Ignore the parts of this movie that deal with earthly silliness, and sink into the visual fantasy that is grand enough to encourage us to explore the universe and to debate the questions that will challenge us.
Talk about luck. At the very moment the public imagination is riveted by a tiny American Tinker Toy bravely exploring the surface of Mars, "Contact" comes along to ask the big questions. Director/producer Robert Zemeckis has the good sense not to offer answers but merely to suggest possibilities.
Based on the novel by the popular astronomer, Carl Sagan, the movie is carried by the steely intelligence of Jodie Foster as astronomer Ellie Arroway, a character grappling with the same fascinating jumble of scientific riddles that gripped Sagan, who worked on this film while battling terminal illness.
Throughout her life, Ellie Arroway has been driven by her passion to know whether we are alone in the universe. Begging equipment and money for her unpopular crusade, she spends years listening for patterns in the static picked up from outer space. On the day the pattern emerges, when contact is made, jubilation engulfs her team.
Because the message from space is delivered in the mathematical language of science, it is greeted with excitement by the scientific community. To balance their euphoric certainty, Mr. Zemeckis introduces a cast of cardboard characters to express skepticism. They operate primarily in the depressingly familiar circus that attends public controversy--including an inexcusable overuse of CNN, the flagship station of Time Warner, which made this movie.
Palmer Joss (Matthew McConaughey) is an entirely unconvincing minister who warns against the technology he believes is undermining spirituality and diminishing society. Ellie's scientific reason versus Palmer's religious faith forms the polarity that creates the dramatic tension of the film. These two bring far more passion to this argument than to their sparkless lovemaking.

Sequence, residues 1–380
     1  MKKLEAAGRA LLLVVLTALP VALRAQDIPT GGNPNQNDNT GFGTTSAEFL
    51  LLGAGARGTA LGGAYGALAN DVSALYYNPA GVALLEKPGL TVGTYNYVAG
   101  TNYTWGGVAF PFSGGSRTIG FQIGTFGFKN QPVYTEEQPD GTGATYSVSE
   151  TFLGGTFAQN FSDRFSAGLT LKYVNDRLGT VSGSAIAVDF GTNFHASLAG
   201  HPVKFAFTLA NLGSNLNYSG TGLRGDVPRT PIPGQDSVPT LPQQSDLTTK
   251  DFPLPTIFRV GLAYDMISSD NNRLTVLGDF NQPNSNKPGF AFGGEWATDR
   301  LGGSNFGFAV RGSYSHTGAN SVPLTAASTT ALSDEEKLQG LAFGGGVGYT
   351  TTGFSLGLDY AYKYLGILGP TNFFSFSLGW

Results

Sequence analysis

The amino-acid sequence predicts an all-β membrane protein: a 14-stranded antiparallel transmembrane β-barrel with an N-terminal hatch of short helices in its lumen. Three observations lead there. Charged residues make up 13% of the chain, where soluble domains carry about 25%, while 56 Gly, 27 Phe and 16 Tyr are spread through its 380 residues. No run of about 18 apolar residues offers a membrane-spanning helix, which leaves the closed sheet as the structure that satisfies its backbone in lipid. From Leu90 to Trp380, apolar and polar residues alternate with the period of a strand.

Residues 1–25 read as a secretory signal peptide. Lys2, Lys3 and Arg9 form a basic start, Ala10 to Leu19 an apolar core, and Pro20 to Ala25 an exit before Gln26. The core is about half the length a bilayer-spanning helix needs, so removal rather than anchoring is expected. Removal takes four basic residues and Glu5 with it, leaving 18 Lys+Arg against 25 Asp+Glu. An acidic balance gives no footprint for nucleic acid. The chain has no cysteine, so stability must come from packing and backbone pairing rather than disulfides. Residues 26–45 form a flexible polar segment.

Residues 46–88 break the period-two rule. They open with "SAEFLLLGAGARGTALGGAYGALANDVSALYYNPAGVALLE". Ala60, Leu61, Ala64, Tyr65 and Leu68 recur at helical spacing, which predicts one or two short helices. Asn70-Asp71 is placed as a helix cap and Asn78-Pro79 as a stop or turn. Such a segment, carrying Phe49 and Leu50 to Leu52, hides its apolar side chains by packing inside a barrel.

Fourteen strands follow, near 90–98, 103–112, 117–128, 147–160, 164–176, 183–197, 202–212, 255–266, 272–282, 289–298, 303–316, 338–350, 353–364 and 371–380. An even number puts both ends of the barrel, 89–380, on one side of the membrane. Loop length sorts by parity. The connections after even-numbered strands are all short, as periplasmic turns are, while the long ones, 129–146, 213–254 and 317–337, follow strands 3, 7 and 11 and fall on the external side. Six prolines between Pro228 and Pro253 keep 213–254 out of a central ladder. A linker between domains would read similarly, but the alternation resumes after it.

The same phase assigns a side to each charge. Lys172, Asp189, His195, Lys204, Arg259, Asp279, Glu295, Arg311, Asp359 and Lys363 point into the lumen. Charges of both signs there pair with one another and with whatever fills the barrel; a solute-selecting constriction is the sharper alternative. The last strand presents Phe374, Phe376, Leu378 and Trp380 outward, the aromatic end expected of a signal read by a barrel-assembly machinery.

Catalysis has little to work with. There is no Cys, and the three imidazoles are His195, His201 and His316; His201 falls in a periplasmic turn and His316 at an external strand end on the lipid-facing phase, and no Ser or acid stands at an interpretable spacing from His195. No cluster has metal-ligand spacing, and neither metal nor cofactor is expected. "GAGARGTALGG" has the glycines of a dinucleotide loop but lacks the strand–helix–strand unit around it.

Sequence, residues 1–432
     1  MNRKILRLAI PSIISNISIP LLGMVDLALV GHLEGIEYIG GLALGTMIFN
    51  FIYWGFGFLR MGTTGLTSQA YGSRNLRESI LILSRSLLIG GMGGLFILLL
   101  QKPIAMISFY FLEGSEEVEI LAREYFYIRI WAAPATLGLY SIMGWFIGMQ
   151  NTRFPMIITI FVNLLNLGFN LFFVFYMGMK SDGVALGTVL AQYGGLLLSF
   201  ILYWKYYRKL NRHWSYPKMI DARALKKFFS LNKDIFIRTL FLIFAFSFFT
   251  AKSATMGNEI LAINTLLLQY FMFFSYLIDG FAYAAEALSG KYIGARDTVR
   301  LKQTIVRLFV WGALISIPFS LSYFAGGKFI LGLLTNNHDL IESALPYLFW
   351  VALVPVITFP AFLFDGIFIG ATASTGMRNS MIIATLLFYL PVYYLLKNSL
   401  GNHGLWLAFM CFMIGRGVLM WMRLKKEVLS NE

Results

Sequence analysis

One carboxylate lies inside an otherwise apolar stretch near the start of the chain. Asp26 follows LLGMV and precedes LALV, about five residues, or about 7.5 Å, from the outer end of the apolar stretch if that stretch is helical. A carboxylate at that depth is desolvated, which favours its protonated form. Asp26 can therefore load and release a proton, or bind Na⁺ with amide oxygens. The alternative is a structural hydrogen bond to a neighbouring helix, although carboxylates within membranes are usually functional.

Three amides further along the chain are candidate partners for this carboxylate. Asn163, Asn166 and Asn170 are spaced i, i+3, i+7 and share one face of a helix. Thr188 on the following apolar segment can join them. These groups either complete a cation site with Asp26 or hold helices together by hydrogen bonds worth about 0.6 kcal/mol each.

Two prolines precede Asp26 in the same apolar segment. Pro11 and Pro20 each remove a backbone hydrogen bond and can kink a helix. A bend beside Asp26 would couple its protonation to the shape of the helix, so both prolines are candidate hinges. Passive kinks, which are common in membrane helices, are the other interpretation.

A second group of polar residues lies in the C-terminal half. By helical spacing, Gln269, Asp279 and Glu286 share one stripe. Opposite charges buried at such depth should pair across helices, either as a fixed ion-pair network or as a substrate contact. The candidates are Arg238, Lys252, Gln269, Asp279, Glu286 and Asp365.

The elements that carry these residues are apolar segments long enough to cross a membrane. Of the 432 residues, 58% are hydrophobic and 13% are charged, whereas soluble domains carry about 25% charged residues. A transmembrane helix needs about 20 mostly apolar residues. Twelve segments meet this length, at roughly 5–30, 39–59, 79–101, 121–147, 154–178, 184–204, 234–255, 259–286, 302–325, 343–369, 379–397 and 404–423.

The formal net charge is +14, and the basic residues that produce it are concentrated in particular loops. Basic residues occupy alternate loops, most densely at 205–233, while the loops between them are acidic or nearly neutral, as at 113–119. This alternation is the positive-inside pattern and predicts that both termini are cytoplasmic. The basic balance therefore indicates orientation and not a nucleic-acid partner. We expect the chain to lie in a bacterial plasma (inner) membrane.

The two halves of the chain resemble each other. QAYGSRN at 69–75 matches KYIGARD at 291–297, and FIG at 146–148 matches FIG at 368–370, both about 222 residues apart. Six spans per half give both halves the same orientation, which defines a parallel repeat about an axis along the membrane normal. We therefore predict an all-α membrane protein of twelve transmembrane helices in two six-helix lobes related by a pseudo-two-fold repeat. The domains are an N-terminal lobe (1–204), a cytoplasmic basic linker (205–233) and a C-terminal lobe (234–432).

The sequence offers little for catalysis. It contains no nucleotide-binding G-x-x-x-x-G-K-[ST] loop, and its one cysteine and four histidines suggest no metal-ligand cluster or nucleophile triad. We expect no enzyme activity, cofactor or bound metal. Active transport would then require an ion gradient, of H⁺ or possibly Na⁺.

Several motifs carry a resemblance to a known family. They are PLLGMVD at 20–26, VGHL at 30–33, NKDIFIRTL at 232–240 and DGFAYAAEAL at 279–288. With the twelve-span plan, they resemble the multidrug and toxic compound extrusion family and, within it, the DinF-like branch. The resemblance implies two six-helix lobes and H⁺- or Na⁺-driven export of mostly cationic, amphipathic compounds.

To leaven the philosophy, Zemeckis paints a comic landscape of lunatics, American-style, who pour toward the Cape Canaveral launching. Ellie's boss (Tom Skerritt) becomes her glory- stealing competitor. James Woods plays a nasty national security advisor. John Hurt is a Howard Hughesian billionaire conspirator. They are simply the fairly unappetizing bones on which to hang the good stuff.
The movie has two winning strengths: Jodie Foster, and spectacular special effects--in the good sense of that abused technology. The serious Ms. Foster, who always dares greatly, is entirely credible as the obsessive scientist. After she wins her right to the journey, the movie becomes a visual victory.
As she says, "Words can't describe it; they should have sent a poet." The movie suggests an inexplicable 18-hour gap during Ellie's trip, a mystery that floods our heads with questions: Was it heaven? Was it a planet? Was it the downloaded contents of Ellie's mind? The awe, humility, and hope that Ellie describes make perfect sense now that we know from the equally spectacular Martian pictures that anything is probable. Ignore the parts of this movie that deal with earthly silliness, and sink into the visual fantasy that is grand enough to encourage us to explore the universe and to debate the questions that will challenge us.
Film Critic : JOAN ELLIS
Word Count : 493
Studio : Warner Bros.
Rating : PG
Running Time: 2h22m
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